For Dominicans, dancing is just one aspect of communication

Dominicans don't care how they dance. They are fascinated by the choreography of a moderna bachata dancer visiting the Dominican Republic and touched when a white man tries to dance authentically. He tries - because in order to really dance like the Dominicans, you must first of all treat the dance in the same way, without piety, without cultivating a single correct style, forgetting that music can be counted. And above all, local dancers never make dance the main occasion of any event, be it a festival, a party or a meeting with friends.

Dance is only an addition to communication, a means for intimacy, for harmonizing and synchronizing the surrounding reality - music, a loved one, a buzz from movement. Therefore, when you go to an average Dominican party, you will see a lot of noisy drinking people, and dancers dancing just one figure during the whole evening. One Carl!

Video from the personal archive of Dasha Elizarova, project Bachateame Mamita

All the rules, consistency, figure building, disputes about how to dance a real bachata, authentic festivals were either created by non-minicans or appeared outside the island.

Dominicans are mainly engaged in each other, and dancing is a great prelude for this.

Video from the personal archive of Dasha Elizarova, project Bachateame Mamita

Women's style in bachata

We turn dance into a big event with rules

It's hard for us to give up the idea that dance should be varied, interesting, spectacular. From the idea that it is important to dance to a certain score, to break music into eights.

It is difficult to question the words of a beloved teacher who says that if you dance differently, you will betray the style. It is difficult to let go of yourself and your body, to go beyond the learned figures, it is difficult to improvise, it is difficult to find yourself in the dance.

But we dance the way we dance, because, unlike the Dominicans, we all learned this. We studied at dance schools, where they explained to us how to do it and how not to. And where very little attention is paid to the most important thing, to what the majority came to dance for - the pleasure of dancing, improvisation, attention to the person with whom you are dancing. To a person, girl or man, and not a partner or partner, from whom you expect the correct conduct or execution of figures.

As a result, at parties, outside of dancing, we see bored figures buried in phones, waiting girls sadly sitting on the edges of the dance floor, and only occasionally - cheerful broken companies from those schools where communication is as important as dance.

We will never really dance bachata like the Dominicans. We came to dance for completely different reasons, we treat it in a completely different way, and it's too difficult to change it. Yes, and no need to change.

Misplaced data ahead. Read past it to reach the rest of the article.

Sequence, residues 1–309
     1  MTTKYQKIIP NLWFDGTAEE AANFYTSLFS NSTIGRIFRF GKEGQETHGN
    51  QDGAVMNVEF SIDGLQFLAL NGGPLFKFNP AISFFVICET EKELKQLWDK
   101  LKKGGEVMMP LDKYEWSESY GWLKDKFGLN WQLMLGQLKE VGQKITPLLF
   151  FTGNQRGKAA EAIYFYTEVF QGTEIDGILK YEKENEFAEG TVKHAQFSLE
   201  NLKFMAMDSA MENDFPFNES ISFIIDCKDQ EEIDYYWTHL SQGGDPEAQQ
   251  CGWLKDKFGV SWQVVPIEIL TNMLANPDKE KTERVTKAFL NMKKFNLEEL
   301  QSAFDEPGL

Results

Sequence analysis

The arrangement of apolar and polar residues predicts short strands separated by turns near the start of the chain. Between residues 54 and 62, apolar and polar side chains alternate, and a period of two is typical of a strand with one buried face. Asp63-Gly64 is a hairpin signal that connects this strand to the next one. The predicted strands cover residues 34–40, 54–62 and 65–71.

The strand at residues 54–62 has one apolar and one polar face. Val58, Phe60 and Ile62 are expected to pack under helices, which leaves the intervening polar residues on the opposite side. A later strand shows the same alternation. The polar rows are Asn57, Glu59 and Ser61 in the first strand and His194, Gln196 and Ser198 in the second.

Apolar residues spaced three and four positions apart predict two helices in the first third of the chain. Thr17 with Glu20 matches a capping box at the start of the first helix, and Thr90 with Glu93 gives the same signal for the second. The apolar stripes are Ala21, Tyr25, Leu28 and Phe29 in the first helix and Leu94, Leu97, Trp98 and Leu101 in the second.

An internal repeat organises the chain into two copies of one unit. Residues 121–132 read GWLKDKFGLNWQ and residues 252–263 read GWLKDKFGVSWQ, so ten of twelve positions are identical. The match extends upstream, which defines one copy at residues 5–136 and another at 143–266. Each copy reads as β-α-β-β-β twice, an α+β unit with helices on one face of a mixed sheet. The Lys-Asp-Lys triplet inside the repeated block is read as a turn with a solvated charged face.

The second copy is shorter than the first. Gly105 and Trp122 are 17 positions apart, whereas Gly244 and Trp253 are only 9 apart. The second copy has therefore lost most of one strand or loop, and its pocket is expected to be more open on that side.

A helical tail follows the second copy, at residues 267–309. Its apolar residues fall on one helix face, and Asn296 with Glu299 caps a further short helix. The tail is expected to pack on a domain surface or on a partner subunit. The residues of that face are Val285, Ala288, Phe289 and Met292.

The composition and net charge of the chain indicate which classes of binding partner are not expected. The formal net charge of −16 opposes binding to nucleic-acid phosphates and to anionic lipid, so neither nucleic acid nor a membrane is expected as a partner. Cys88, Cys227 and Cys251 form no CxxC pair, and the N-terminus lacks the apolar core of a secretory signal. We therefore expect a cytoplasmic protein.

It is important to follow your line of dance development

We have a lot to learn from the Dominicans: ease of attitude to dance and the surrounding reality, the ability to find your own unique style within two or three basic steps. But, unlike them, the majority of dance school visitors are looking for, in addition to new communication, something completely different - an interesting hobby, an opportunity for self-realization, discovering new possibilities for their body and mind, a variety of figures and footwork, new approaches and interesting theories.

And in the Dominican Republic itself, there are dancers who are distinguished by the richness of their steps, their elegantly controlled style, a wide range of figures, and the clarity of lines and movements. Or too bright, too prominent character of the dance. But they usually say about such people that they dance inauthenticly, not the way they should.

Video from the personal archive of Dasha Elizarova, project Bachateame Mamita

We will never really dance bachata like the Dominicans. We came to dance for completely different reasons, we treat it in a completely different way, and it's too difficult to change it. Yes, and no need to change.

It is important to understand that with all possible trajectories of learning and immersion in culture, the most incorrect is the literal and blind copying of the external feed. Either find yourself, your style and your pleasure, as the Dominicans do, or develop yourself as a dancer without looking back at the external match with any original.

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Bachata, Dominican style.

To be frank, calling bachata Dominican is like calling butter oil. What else is it, if the Dominican Republic is its country of origin? But not everything is so simple: in the cities and villages of our vast country, as well as in most of Europe, they mainly dance the so-called European or Italian bachata. This bachata, of course, retained the main pitch of the original, the music and the rhythm, but various "tricks" were brought into it from the outside, for example, a rather large number of turns, linearity, and a completely different mood.